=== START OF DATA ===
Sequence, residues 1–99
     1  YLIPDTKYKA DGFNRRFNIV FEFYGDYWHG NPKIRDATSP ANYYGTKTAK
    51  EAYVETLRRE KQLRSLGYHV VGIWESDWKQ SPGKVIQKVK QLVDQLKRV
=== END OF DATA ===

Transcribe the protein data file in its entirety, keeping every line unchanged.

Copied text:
Sequence, residues 1–99
     1  YLIPDTKYKA DGFNRRFNIV FEFYGDYWHG NPKIRDATSP ANYYGTKTAK
    51  EAYVETLRRE KQLRSLGYHV VGIWESDWKQ SPGKVIQKVK QLVDQLKRV